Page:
This Commons Library briefing paper addresses the question of the status, post-Brexit, of EU citizens currently resident in the UK and those British citizens living elsewhere in the EU. It is updated to include a summary of the Government's proposals of 26 June 2017.Jump to full report >>
For as long as the UK remains a Member State of the European Union, it is subject to laws guaranteeing EU citizens the right to free movement throughout the Union. British citizens will continue to enjoy EU citizenship until the UK exits the EU.
The latest available data suggests that in 2015 there were around 1.2 million British citizens living in other EU countries, compared with around 3.2 million EU citizens living in the UK.
Free movement is central to the concept of EU citizenship. It is a right enjoyed by all citizens of the Union (those with nationality of any of the 28 Member States).
All EU citizens have a right to reside in another EU Member State for up to three months without any conditions other than the requirement to hold a valid identity card or passport. After three months certain conditions apply, depending on the status of the EU citizen (eg whether they are a worker or a student etc). Those who opt to exercise their free movement rights are protected against discrimination in employment on the grounds of nationality. Provisions co‑ordinating social security rules ensure citizens do not lose entitlements by working elsewhere.
EU citizens who have resided legally for a continuous period of five years in another EU Member State automatically acquire the right to permanent residence there. To qualify for permanent residence, students and the self-sufficient must possess comprehensive sickness insurance cover throughout the five year period. Confusingly, while EU citizens in the UK have access to NHS care, this does not satisfy the requirement to have comprehensive sickness insurance cover.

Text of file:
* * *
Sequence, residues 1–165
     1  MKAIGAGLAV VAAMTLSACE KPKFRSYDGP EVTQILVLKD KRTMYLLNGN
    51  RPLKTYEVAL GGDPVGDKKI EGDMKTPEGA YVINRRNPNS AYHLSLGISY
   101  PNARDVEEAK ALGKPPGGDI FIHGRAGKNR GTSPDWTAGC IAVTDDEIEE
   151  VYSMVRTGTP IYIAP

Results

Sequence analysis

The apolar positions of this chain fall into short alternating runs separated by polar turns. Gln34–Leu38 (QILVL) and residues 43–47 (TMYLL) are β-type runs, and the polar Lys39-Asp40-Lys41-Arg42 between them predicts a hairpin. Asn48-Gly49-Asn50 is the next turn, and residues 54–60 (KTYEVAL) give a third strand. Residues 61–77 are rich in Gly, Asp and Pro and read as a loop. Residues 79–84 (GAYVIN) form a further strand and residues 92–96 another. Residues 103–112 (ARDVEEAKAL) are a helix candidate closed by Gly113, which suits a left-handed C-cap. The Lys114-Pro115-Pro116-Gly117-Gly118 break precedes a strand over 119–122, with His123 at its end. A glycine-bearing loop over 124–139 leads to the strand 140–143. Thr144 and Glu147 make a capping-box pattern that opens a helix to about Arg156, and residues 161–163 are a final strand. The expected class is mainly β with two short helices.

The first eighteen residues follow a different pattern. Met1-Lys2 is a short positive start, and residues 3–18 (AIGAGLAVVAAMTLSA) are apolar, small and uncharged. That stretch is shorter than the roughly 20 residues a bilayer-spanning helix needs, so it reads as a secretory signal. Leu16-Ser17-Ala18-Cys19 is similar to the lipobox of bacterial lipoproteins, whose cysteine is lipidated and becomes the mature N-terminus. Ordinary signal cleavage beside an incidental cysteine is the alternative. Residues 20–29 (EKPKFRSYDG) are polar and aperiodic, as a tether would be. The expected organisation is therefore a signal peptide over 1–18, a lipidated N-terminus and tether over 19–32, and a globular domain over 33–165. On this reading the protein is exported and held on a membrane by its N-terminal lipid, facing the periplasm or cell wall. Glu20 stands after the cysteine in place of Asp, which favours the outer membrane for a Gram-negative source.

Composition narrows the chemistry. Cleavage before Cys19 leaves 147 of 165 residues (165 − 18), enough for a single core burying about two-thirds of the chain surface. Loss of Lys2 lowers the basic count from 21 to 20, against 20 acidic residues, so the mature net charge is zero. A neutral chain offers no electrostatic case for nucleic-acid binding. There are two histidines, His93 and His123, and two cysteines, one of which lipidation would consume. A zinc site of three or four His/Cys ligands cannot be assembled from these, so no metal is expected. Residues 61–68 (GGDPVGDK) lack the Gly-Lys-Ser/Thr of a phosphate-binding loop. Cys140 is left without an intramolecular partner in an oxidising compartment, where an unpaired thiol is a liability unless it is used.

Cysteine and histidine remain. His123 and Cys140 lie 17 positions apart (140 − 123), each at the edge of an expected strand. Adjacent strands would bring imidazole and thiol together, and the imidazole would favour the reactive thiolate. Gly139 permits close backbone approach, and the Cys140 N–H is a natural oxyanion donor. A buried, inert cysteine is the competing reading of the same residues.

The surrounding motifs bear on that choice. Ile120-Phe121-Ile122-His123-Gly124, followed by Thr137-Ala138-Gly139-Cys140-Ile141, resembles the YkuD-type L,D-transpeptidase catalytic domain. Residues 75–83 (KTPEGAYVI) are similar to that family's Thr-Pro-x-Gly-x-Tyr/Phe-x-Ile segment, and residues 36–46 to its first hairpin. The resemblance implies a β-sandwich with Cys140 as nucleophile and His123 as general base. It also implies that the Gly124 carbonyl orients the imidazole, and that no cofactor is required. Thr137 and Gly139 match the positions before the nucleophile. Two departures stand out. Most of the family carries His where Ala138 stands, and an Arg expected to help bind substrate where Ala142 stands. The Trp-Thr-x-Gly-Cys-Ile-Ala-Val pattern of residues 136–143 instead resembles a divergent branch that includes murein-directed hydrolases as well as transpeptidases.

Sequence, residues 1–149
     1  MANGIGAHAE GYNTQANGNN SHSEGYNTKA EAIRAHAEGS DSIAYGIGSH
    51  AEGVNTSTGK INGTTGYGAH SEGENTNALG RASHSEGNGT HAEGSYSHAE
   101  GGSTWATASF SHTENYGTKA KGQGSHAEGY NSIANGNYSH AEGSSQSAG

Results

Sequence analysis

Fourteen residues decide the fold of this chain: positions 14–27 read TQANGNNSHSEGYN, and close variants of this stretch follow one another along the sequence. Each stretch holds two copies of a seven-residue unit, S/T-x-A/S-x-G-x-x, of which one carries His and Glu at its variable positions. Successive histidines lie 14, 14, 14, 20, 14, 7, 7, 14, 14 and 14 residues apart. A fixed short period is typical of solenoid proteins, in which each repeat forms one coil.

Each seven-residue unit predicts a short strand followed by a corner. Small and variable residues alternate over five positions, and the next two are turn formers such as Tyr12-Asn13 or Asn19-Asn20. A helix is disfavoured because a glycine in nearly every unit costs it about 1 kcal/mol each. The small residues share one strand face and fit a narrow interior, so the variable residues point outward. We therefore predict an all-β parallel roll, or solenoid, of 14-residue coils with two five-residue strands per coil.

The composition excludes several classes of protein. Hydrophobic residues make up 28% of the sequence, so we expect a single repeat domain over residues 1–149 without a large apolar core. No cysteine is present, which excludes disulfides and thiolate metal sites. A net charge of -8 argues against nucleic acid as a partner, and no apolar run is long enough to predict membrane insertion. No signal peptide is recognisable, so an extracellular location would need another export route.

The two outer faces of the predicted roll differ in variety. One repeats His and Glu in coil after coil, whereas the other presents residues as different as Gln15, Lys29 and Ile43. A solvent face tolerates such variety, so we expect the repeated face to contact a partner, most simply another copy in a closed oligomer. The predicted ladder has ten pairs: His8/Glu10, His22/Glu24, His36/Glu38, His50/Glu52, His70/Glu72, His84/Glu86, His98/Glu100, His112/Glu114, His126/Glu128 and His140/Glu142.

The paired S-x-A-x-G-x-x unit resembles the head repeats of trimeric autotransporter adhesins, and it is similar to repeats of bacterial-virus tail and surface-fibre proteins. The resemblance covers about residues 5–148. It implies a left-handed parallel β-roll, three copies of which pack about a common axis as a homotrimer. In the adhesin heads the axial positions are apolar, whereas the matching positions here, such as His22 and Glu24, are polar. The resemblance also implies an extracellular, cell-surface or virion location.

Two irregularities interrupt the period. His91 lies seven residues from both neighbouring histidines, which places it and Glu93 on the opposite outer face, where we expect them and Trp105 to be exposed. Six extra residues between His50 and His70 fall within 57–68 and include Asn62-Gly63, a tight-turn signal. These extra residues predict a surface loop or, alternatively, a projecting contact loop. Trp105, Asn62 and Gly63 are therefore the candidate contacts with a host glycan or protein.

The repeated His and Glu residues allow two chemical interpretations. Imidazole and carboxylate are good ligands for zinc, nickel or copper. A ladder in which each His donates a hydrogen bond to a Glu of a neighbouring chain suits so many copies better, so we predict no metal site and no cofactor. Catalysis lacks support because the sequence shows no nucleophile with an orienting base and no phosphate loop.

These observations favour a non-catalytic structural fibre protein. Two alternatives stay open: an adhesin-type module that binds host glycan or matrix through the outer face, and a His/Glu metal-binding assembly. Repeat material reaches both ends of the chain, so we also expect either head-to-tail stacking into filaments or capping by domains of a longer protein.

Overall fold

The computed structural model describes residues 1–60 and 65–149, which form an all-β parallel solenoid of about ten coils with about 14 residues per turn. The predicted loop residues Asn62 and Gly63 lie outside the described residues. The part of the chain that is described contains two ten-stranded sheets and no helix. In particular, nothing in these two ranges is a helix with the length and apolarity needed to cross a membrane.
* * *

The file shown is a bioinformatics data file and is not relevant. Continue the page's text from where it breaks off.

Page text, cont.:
UK immigration law as it applies to non-EU citizens is significantly more restrictive.
The Government White Paper noted that if the UK left the EU, remaining Member States would no longer be required to maintain the rights currently enjoyed by UK citizens. Securing these rights would likely require the offer of reciprocal protection for EU citizens resident in the UK.
Both the Vote Leave and Leave.EU campaigns claimed the status of EU citizens lawfully resident in the UK would be unaffected as a result of Brexit.
The Government immediately sought to reassure EU citizens in the UK that there was no change in their status as a result of the vote to leave.
In the months since the referendum ministers have reiterated that the Government wants to protect EU citizens’ status. They say the only scenario in which such an outcome would be impossible is if the rights of British citizens in remaining Member States are not protected in return. Despite this, the Government has faced accusations of treating EU nationals as ‘bargaining chips’ in the negotiations with the European Commission.
In the past 12 months the issue of the status and rights of EU citizens in the UK after Brexit was the subject of two Opposition Day Debates and three select committee reports. It was debated at length during the passage of the Withdrawal from the European Union (Article 50) Act 2017. This Parliamentary comment is summarised in section 6 of this briefing paper.
On 26 June 2017 the Government published a White Paper setting out its proposals for the status and rights of EU citizens in the UK after the UK’s exit from the EU. Under the Government’s plan, all EU citizens present in the UK before a cut-off date and with five years continuous residence in the UK may apply for a new ‘settled status’ - akin to ‘indefinite leave to remain’ in UK immigration law. The cut-off date will be no earlier than 29 March 2017 (the date the Article 50 process was started) and no later than the date of the UK’s exit from the EU. EU citizens in the UK before the cut-off date but without five years continuous residence in the UK can apply for a ‘temporary status’ in order to remain in the UK long enough to accumulate five years continuous residence, at which point they may apply for settled status.
Whilst the proposals appear to render permanent residence rights largely redundant, the Government confirmed that it will not seek proof of comprehensive sickness insurance cover from those applying for settled status.
The proposals, described as “generous” and a “fair and serious offer” by the Prime Minister, were met with criticism. European leaders said they left many questions unanswered. The campaign groups the3million and British in Europe warned of a lack of detail on how the Government will protect the rights of British citizens in the remaining EU Member States. The Labour party described the proposals as being ‘too little, too late’. The SNP criticised the government for failing to unilaterally guarantee EU citizens’ rights in the UK.
Polls conducted since the referendum have all shown high levels of support for protecting the status of EU citizens lawfully resident in the UK.
Commons Briefing papers CBP-7871
Authors: Terry McGuinness; Oliver Hawkins